Monday, July 16, 2018

The Brotherhood of the Boaters

In my last post, I wrote about how the best part of this trip is the people we've met.  Here are a couple more stories:

Bonjour, Tug Helmsman!

Where we stayed: Saint Anne de Bellevue
Last week we docked at St. Anne de Bellevue. The lock wall is a lively place, with families out for a fresh-air promenade in the parklike setting.

Cap was on the stern, fielding the usual questions: "Did you bring your boat here from England?" "Does it really run on solar power?" "How far can you go in a day?"

One passerby was a young man carrying a skateboard in one hand and a beer in the other. Tristan volunteered that he, too, was a fan of heavy steel boats--because he was a tugboat captain himself.

Really?  Really!  Come aboard, then!

We talked for more than an hour, about the minutae of tugboats and so much else. It was heartwarming to learn his story.  Tristan grew up boating on the river. He went to college for psychology . . . until a helpful professor made him aware of the jobs available on the river--good pay, and the schedule is two weeks on and two weeks off.  He switched his course of studies and never looked back.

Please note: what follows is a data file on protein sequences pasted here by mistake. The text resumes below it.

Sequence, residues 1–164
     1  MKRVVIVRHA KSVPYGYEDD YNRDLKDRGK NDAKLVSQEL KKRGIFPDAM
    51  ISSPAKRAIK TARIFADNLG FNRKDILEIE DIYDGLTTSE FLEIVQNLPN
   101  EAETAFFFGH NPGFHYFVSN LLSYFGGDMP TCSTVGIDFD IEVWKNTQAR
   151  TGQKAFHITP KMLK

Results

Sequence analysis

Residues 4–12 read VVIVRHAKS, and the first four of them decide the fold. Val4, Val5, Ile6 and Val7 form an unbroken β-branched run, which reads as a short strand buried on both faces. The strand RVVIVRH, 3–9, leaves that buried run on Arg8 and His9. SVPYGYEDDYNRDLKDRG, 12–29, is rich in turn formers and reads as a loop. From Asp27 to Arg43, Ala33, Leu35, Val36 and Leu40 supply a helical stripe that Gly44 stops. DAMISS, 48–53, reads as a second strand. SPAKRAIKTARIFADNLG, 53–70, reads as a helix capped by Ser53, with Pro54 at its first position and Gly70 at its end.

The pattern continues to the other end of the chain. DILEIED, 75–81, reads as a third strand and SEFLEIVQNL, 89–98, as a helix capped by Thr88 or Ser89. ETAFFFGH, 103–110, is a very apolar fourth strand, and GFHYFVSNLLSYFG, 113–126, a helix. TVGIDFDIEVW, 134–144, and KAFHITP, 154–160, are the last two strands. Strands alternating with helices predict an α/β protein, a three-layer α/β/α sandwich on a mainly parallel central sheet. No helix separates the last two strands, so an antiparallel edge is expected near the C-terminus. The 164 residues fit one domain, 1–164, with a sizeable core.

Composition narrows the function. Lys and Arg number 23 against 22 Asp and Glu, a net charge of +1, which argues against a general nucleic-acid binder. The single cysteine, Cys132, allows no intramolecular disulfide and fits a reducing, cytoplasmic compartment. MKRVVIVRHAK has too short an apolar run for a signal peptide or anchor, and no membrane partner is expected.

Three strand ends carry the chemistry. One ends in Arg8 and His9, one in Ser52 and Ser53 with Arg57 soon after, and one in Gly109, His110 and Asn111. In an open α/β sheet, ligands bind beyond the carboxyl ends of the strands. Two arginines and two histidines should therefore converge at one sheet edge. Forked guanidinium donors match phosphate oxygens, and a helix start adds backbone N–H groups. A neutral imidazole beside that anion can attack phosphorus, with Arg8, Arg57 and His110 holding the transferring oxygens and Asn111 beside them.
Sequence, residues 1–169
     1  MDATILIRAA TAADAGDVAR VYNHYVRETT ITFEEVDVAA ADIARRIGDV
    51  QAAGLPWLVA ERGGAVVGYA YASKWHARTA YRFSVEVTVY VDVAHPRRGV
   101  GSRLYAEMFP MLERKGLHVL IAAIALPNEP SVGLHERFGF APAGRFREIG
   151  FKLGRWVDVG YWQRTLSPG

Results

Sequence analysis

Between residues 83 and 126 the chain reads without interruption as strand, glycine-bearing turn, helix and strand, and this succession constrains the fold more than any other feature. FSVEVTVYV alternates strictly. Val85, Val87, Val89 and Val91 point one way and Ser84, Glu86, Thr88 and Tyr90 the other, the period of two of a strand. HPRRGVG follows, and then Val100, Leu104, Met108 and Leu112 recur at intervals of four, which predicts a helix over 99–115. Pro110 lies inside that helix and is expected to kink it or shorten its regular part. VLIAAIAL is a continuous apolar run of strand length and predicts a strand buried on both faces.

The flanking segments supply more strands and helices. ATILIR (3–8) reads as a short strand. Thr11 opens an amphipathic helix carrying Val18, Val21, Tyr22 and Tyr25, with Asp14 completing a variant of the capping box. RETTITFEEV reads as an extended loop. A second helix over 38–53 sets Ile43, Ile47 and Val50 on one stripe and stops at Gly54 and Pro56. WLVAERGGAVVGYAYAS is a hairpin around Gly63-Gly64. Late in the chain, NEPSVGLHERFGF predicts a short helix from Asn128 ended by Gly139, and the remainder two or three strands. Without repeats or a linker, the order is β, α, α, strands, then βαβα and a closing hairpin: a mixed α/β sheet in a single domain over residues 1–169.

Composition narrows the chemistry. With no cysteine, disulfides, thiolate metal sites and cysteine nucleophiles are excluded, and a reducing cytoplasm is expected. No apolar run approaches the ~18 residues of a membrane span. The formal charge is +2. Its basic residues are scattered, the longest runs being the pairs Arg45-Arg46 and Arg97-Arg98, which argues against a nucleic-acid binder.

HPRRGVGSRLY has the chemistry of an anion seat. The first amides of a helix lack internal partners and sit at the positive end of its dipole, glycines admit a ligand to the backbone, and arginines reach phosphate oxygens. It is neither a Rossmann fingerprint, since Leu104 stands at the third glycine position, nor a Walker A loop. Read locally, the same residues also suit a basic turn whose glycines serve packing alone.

Bonjour, Pecheurs!

This jet boat outside Montreal did a tight circle around us.
Thanks, guys.
All too often a big, powerful boat passes by, going fast, throwing up a big wake that rattles the china in the galley and sets our wooden doors to slamming.

"Is it our American flag?" I asked Cap. 

"No, probably just cluelessness about the boater 'Rules of the Road,' he said.

Our peaceful anchorage on the St. Lawrence River
Even so, when we left Montreal on the Saint Lawrence River, I was nervous about our first stop, an anchorage in a shallow bay. "Should we take in the flag?"

We left it out, and shortly before dusk, I could hear the whine of a motor:  a fishing boat, coming really close, kind of fast.

I peeked out the window, bracing for a contentious conversation.

It was a dad with his teenage daughter and her friend. They had come to tell us, in hesitant English, how much they liked our boat. 

A lively conversation followed, about boats, fishing, applying for college.  Our visitors left as the light faded, leaving behind a little warm glow of friendliness.

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